Shifting regulations garnered the next-highest ranking. “Regulations changing all the time is a giant pain on top of an already complex problem,” one leader said. Most were resigned to the fact that inconsistencies will arise when trying to satisfy multiple regulators around the world. One said, “All regulations are a cost of doing business; we adapt to them because we don’t have a choice.” Many pointed out that new data-related regulations could lead to higher costs, increased complexity (e.g., network segmentation because of data sovereignty) and challenges to software development.
As part of the broader regulatory landscape, cross-border transfers and data localisation issues also worried our data leaders. Some were trying to avoid or minimise having to transfer data out of country. A few had to establish additional cloud data centres around the world and develop new preferred partners. Generally, there was a fear of unintentionally “tripping up,” because they didn’t know something regarding the dynamic regulatory landscape.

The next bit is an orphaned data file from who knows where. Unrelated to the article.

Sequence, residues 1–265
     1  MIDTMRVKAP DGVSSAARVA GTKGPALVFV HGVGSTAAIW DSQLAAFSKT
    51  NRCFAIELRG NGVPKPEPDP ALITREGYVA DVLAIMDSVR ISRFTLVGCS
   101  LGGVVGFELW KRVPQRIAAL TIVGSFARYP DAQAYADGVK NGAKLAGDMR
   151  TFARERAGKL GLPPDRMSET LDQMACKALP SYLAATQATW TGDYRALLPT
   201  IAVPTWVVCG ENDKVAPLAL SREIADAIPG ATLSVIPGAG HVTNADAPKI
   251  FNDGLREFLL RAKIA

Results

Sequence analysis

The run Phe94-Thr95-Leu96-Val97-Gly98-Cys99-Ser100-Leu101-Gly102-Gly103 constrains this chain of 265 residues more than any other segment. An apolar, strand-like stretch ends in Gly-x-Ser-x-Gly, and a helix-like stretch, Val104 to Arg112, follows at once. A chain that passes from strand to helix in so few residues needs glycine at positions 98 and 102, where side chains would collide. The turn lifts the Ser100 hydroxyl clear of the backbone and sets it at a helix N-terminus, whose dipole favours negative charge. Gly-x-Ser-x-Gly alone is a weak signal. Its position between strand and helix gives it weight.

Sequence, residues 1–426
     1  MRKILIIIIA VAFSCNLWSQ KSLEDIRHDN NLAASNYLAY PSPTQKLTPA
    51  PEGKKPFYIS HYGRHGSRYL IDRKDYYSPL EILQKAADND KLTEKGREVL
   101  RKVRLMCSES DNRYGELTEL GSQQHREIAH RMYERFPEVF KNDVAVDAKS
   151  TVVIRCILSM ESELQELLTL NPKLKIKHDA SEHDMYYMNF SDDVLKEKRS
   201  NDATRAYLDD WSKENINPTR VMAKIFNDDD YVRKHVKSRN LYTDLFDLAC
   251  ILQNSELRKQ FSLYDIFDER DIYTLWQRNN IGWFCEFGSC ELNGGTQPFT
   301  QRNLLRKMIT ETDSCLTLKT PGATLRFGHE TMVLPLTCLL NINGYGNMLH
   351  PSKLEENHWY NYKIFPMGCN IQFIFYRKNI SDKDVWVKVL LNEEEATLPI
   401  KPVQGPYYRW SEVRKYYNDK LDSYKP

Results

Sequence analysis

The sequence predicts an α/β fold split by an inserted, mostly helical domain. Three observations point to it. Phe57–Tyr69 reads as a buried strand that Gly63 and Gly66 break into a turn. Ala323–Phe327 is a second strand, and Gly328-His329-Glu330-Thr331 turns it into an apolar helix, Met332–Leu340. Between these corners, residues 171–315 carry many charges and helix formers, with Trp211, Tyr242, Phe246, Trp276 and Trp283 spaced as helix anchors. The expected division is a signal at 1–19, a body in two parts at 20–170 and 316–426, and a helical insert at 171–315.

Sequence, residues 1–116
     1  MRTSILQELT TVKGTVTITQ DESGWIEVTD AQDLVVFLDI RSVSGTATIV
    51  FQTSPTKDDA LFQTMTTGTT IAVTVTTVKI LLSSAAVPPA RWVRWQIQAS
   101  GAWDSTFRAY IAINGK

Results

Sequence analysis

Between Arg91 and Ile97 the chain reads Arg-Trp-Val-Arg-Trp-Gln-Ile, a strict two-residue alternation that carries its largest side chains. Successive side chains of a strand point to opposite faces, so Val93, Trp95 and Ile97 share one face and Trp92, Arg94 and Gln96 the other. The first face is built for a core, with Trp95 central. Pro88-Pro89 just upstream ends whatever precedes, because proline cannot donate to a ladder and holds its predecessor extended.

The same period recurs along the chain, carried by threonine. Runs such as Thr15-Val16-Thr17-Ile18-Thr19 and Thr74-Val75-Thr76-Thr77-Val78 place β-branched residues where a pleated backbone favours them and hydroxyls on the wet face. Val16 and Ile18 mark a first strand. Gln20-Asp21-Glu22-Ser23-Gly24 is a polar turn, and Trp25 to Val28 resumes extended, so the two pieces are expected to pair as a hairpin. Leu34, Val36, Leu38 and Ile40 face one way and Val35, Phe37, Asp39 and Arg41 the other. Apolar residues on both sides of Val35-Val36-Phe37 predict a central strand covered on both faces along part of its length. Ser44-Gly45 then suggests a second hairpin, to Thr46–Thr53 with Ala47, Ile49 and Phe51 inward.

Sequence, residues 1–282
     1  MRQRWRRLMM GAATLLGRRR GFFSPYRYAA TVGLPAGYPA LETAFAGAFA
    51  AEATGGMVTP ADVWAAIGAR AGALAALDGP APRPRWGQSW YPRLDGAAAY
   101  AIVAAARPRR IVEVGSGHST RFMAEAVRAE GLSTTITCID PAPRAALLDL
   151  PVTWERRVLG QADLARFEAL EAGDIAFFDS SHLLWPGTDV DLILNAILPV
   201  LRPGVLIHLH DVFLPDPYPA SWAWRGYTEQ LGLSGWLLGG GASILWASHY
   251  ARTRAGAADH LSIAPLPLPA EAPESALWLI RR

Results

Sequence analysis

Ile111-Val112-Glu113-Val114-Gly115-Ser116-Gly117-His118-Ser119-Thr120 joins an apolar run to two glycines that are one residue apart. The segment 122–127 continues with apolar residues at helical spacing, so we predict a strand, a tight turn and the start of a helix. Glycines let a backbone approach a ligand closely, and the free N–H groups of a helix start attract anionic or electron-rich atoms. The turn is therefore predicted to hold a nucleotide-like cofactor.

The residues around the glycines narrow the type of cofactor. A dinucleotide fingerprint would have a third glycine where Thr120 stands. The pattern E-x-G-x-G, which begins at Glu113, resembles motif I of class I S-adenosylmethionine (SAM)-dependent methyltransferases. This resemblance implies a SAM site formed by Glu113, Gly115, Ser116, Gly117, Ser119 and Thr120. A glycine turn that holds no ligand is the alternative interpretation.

The third major barrier, cost and complexity of data privacy, was selected by 18% as number one but by 50% as number two, indicating a high level of concern. Data leaders are dealing with a greater focus on data privacy due to customer requests and requirements, regulations and internal improvements. This is creating a ripple effect, leading to increased costs for leaders, “The cost of everything is rising but our budgets aren't rising with it.”
The amount of data collected and generated isn’t going to decrease. This means data leaders should anticipate and prepare for potential challenges. Our panellists told us they were focussed on four areas:
Improving internal, ecosystem and industry-wide collaboration. Collaboration is essential for planning data management strategies and facing challenges head-on. Data leaders suggested that clear roles and responsibilities, aligned priorities and transparent communication and policies were important. Whether collaboration is more structured or ad-hoc, a variety of functional viewpoints is critical: The CIO, research, security, legal, data management, business leadership, application development, infrastructure and compliance should work together.